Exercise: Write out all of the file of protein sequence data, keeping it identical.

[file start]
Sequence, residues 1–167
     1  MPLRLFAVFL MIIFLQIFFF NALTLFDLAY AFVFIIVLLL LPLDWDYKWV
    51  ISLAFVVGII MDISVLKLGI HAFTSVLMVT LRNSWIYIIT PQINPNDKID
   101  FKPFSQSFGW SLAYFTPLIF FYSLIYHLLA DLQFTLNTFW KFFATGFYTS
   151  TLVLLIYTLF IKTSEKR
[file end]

Sequence, residues 1–167
     1  MPLRLFAVFL MIIFLQIFFF NALTLFDLAY AFVFIIVLLL LPLDWDYKWV
    51  ISLAFVVGII MDISVLKLGI HAFTSVLMVT LRNSWIYIIT PQINPNDKID
   101  FKPFSQSFGW SLAYFTPLIF FYSLIYHLLA DLQFTLNTFW KFFATGFYTS
   151  TLVLLIYTLF IKTSEKR